A Guide to First Year Mathematics Courses
This document is an attempt by the mathematics department to help our students decide where they should begin their college mathematics experience. Should the students still have questions they should contact the chair of the Math Department for clarification.
All entering students are expected to take the Math Placement Exam in orientation week or the first semester at DePauw, with the following exceptions:
 students who transfer in college credit for Math 151, 152 and 251;
 students who score 4 or 5 on the Advanced Placement AB calculus exam, and who report their score to DePauw;
 students who score 4 or 5 on the Advanced Placement BC calculus exam, and who report their score to DePauw;
 students who score 3 on the Advanced Placement BC calculus exam with a 4 or 5 on the AB subscore of this exam, and who report their score to DePauw.
The Math Placement Exam determines readiness for Calculus I (Math 151). It consists of 30 questions covering algebra, precalculus, and trigonometry topics: geometry and measurement; algebraic manipulation; equations, inequalities, and factoring; trigonometry; functions and their notation, including linear, polynomial, rational, trigonometric, exponential, and logarithmic functions; graphs of functions; and word problems and modeling. You can only take the Math Placement Exam once, no retake policy.

Scores 
Course & Credits 
Calculus AB 
3 
If Math 152 is completed with a 'C' or better, 1.00 credit will be awarded for MATH 151. 
4/5 
Award Math151, Calculus I credit. Student may enroll in Math 152. 

Calculus BC 
3 
Award Math 151, Calculus I credit. Student may enroll in Math 152 or 251. If MATH 251 is completed with a 'C' or better, 1.00 credit will be awarded for MATH 152. 
4/5 
Award Math 151, Calculus I, and MATH 152, Calculus II credits. Student may enroll in MATH 251 
There are several options for entry into the mathematics curriculum, but any student who HAS NOT scored at least 500 on the SAT (Mathematics) or 22 on the ACT (Mathematics) should expect to struggle with ANY collegiate course in mathematics. Mathematics courses require students to DO mathematics and most of them build on skills and content developed over the course of the semester.
Student Interest 
Recommend Course 
Major or minor in Mathematics 
Math 151 and Math 152 
Major in Actuarial Science 
Math 151 and Math 152 
Minor in Statistics 
Math 141 and Math 151 
Major in Computer Science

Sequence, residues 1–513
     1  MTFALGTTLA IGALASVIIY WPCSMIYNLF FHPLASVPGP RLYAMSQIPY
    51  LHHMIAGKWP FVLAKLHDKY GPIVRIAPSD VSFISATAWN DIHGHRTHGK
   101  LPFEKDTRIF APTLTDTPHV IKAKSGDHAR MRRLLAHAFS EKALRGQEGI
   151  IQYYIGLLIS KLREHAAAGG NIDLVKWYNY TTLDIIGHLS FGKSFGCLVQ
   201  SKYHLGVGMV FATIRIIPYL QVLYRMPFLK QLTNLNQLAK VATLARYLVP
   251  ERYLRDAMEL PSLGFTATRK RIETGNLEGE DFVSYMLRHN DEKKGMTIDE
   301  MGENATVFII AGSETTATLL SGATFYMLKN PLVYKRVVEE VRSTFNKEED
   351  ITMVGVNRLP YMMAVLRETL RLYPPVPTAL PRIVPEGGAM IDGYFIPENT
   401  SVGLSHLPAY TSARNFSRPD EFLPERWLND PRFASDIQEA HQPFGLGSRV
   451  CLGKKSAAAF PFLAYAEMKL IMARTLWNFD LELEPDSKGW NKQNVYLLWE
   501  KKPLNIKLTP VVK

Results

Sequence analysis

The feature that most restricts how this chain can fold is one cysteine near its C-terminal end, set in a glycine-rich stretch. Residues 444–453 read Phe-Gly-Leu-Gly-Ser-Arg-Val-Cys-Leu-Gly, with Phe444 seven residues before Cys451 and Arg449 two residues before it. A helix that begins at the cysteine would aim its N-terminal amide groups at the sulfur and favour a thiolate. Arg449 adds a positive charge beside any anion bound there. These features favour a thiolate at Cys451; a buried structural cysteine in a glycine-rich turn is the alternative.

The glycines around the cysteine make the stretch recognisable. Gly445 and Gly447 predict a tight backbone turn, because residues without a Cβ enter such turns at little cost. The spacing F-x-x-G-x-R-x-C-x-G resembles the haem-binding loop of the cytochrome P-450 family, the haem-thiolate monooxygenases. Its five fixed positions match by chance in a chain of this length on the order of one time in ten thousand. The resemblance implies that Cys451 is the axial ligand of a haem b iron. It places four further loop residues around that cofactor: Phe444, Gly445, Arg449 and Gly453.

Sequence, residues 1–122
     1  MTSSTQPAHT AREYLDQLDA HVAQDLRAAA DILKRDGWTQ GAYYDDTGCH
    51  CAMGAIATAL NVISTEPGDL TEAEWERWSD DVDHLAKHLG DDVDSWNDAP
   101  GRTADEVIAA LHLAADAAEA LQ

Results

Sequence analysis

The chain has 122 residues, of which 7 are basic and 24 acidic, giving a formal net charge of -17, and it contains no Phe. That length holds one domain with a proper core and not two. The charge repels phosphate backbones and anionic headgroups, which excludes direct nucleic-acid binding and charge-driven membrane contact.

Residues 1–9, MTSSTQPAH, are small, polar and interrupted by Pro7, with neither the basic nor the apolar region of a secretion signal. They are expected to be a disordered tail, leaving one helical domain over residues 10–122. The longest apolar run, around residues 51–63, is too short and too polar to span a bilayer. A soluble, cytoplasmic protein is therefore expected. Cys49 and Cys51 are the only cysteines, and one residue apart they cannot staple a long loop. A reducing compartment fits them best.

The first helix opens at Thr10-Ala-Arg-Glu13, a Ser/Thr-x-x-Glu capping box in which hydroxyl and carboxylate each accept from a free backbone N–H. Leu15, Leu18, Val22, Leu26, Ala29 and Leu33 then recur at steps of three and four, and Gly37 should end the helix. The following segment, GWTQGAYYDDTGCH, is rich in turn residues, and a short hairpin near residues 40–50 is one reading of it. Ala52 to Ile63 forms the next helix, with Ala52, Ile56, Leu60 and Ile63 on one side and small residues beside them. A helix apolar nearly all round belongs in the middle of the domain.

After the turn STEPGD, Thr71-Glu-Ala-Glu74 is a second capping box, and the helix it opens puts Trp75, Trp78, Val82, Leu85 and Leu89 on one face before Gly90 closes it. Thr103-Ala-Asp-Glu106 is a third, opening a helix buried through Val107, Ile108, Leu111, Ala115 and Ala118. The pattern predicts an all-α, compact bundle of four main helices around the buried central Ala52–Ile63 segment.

Math 123 
Major in Physics or Economics 
Math 151 or Math 135/136 
Students who want a math course that will count toward Science and Math distribution credit or Q competency, but who do not need calculus 
Math 123, Math 141 or Math 143 
Math 123: Computational Discrete Mathematics. This course is required for the computer science major. The topics covered in this course should be familiar to students, but from different places in their precollege curriculum. Some students find a challenge in “changing gears” between the different topics.
Math 135: Calculus with Review I. This course is calculus with a “just in time” approach to precalculus. It is a safety net for students who enroll in Math 151 and find the challenges of a collegiate course pace and independent inquiry too much for them. For that reason, there is limited space in these courses with spaces saved for students attempting Math 151 and “dropping back” to Math 135. This course is not open to students with credit in Math 151 or any higher level calculus course
Math 136: Calculus with Review II. Completion of this course is equivalent to completing MATH 151 and is adequate preparation for any course requiring Math 151.
Math 141: Stats for Professionals. This course can be used to fulfill the requirements for a major in kinesiology. It has significant content overlap with Econ 350. While very practical for people wanting to understand modern life (confidence intervals, hypothesis testing, polling, research data, etc.), that understanding comes from a solid base of mathematics that allows students to understand how statisticians think about and interact with the world around them.
Math 143: Mathematical Modeling I. This course is very useful for people wanting to understand mathematical modeling and analysis of real life data (population growth and decay, rate of disease spread in population, savings certificates and annuities, purchasing power, etc.), and this understanding comes from a strong foundation of mathematics that allows those who take the course, to understand how mathematicians think about and interact with the world around them.
Math 151: Calculus I. This is the “standard” collegiate mathematics course for many years. Through the growth of the Advanced Placement program, the large majority of all students first encounter with calculus happens in high school. The majority of students who enroll in Math 151 have already had at least one experience with a calculus course before. The course moves at the same pace it has always moved, but this is significantly faster than high school courses.
Math 152: Calculus II. You must have Math 151 credit or Calculus I transferred credit to enroll this course.
Math 251: Calculus III. You must have Math 152 credit or Calculus II transferred credit to enroll in this course.